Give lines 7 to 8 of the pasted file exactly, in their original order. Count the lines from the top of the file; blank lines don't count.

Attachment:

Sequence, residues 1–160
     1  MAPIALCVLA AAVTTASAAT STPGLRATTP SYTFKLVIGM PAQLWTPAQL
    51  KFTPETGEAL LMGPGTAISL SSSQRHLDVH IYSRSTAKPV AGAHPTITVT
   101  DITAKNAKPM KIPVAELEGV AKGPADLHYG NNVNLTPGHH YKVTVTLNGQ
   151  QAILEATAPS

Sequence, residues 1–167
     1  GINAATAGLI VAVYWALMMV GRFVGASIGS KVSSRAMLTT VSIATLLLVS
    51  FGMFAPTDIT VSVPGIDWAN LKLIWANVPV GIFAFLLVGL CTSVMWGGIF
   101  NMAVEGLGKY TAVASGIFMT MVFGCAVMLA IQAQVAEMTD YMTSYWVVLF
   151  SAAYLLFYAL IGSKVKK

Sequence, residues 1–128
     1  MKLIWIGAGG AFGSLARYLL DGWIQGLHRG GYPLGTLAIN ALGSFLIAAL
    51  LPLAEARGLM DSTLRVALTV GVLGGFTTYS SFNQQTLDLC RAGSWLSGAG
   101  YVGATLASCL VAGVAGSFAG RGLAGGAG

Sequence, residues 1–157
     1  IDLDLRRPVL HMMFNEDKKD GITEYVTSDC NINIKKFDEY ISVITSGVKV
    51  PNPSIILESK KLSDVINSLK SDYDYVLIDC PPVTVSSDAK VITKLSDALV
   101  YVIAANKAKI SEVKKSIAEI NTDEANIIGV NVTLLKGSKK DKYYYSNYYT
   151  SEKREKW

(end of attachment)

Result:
     1  GINAATAGLI VAVYWALMMV GRFVGASIGS KVSSRAMLTT VSIATLLLVS
    51  FGMFAPTDIT VSVPGIDWAN LKLIWANVPV GIFAFLLVGL CTSVMWGGIF